Employers battling to fill job vacancies in the tight U.S. labor market this year have had a silver lining, as it were: decades-high inflation was bringing retired people back to the workforce.
But recent data suggests the trend already may be petering out.
The United States probably has reached a point where the older workers who hadn’t intended to retire permanently, or who had involuntarily been forced into retirement, have since rejoined the labor force, said Nick Bunker, economic research director for North America at recruitment firm Indeed.
“We are getting closer to the bottom of that talent pool,” he said.
Before the pandemic, Americans generally ebbed and flowed in and out of retirement, with about 3% of retirees returning to employment each year for various reasons — from financial struggles to a great job opportunity or simply boredom.
COVID-19 disrupted that pattern, with many baby boomers retiring early or staying out of the labor pool out of concern about the virus in 2020 and 2021. They contributed to the mass exodus of workers that was dubbed the Great Resignation.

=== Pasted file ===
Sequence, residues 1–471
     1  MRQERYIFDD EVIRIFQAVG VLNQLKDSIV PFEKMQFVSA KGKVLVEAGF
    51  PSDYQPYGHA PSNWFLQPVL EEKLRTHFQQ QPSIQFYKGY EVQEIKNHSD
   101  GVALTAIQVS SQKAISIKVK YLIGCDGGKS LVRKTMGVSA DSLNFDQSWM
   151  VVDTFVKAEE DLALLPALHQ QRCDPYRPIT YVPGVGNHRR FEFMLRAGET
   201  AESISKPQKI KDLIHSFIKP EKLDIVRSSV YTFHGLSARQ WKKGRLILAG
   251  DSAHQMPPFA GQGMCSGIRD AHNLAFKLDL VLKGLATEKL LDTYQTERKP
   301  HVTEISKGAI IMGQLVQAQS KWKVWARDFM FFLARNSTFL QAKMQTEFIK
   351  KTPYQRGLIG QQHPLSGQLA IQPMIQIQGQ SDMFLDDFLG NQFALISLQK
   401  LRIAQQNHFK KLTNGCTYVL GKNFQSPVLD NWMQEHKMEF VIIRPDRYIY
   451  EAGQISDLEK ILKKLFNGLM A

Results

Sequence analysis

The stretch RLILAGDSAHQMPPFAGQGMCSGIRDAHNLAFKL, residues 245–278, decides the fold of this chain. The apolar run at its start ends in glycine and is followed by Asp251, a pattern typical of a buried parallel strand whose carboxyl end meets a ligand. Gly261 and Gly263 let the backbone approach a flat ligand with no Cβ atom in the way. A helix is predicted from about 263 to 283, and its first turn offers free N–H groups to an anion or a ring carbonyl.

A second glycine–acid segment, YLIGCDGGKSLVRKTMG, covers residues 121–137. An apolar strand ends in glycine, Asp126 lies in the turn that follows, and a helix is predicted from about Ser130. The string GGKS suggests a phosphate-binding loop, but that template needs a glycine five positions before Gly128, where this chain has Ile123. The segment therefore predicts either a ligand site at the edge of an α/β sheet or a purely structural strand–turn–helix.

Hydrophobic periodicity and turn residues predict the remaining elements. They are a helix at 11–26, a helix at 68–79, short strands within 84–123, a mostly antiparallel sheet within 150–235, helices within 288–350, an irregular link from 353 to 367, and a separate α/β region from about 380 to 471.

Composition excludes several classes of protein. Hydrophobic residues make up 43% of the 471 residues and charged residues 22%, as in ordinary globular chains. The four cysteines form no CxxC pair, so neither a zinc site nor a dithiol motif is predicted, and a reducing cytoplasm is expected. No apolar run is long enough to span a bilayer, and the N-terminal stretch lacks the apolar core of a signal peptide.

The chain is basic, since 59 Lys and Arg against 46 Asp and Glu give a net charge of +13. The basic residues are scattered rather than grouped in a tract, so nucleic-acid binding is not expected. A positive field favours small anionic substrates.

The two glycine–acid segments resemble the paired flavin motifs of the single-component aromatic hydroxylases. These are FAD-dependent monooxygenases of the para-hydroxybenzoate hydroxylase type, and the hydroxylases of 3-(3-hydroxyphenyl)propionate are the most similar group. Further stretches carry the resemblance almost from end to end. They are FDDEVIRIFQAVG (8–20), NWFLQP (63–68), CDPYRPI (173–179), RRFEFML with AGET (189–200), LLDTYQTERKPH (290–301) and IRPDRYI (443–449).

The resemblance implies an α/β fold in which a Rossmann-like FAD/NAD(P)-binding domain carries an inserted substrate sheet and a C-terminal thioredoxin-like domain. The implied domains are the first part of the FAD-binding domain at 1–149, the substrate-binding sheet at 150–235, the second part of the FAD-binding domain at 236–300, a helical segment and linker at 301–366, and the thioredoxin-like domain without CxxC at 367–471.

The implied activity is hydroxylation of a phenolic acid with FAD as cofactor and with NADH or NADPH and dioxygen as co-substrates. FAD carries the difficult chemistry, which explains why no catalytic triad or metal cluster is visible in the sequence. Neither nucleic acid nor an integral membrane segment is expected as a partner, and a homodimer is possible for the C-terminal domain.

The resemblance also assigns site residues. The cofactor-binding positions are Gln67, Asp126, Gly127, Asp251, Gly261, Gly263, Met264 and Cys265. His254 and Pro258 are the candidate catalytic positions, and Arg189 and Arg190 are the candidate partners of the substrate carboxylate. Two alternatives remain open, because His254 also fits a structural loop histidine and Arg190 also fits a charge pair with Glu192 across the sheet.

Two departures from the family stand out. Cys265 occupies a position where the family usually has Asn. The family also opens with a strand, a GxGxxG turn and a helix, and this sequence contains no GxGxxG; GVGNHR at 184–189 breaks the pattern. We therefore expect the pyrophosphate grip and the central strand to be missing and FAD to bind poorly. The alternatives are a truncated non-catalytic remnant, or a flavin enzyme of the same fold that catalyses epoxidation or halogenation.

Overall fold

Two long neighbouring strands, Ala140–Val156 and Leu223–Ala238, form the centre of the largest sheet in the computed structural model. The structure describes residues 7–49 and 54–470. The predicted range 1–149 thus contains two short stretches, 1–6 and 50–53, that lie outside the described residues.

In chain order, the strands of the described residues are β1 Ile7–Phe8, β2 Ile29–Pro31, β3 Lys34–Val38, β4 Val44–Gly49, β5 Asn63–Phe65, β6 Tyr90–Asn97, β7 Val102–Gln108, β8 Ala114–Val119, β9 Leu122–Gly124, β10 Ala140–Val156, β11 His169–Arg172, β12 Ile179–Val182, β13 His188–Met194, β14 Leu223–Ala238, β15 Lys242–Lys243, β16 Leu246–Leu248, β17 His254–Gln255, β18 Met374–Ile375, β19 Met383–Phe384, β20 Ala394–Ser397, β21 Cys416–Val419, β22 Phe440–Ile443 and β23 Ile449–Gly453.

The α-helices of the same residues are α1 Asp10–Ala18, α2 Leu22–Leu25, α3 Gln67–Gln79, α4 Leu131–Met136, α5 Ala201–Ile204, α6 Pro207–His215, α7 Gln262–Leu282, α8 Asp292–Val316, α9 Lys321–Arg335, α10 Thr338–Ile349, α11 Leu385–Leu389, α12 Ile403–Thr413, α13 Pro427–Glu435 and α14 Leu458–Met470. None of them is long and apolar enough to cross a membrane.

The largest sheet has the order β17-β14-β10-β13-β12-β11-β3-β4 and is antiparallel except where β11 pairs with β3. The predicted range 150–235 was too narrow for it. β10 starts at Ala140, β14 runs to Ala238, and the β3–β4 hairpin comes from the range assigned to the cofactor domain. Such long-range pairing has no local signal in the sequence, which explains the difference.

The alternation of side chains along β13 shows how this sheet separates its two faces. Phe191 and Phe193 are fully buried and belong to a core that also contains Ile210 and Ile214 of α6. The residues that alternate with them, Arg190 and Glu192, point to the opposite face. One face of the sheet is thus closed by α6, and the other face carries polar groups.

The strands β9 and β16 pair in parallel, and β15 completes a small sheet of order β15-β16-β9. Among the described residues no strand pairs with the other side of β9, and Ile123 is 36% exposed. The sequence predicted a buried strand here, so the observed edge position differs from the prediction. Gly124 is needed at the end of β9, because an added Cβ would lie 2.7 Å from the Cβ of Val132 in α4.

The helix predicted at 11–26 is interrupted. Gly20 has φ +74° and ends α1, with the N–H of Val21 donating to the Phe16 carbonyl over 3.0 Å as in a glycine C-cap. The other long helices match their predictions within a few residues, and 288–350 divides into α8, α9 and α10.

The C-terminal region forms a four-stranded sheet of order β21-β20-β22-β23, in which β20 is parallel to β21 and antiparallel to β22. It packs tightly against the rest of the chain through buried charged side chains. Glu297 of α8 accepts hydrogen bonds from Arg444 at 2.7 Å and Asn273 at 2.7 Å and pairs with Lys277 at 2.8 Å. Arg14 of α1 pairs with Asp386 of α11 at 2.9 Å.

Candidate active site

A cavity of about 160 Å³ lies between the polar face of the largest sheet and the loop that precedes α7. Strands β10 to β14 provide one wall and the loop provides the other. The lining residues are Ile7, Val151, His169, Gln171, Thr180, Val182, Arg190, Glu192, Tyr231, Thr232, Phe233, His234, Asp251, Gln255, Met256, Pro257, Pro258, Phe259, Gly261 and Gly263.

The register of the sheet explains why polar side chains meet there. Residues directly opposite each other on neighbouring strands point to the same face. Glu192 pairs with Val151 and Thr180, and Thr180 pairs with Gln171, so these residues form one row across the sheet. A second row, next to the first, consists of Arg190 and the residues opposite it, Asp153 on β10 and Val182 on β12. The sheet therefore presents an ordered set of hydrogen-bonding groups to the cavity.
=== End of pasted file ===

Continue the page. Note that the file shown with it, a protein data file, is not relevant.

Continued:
However, by this spring, the number of retirees headed back to work climbed back again to about 3.3%, according to data from Indeed — possibly lured back by soaring consumer prices and plentiful jobs.
Last month, the percentage of workers who were retired a year earlier and who returned to the labor force stood at 3.2%, according to Indeed. The rate has stopped accelerating and may decrease or stay flat in the near future, according to Bunker. Meanwhile, moves into retirement are edging up.
Overall, the number of available positions in the United States has decreased slightly from historical highs, according to data from the Labor Department. But the number of vacancies remains elevated as demand for workers broadly outweighs supply.
Indeed data indicates that businesses won’t get much relief from retirees.
It’s unlikely employers strapped for help will see another new rush of older workers coming off the sidelines, Bunker said.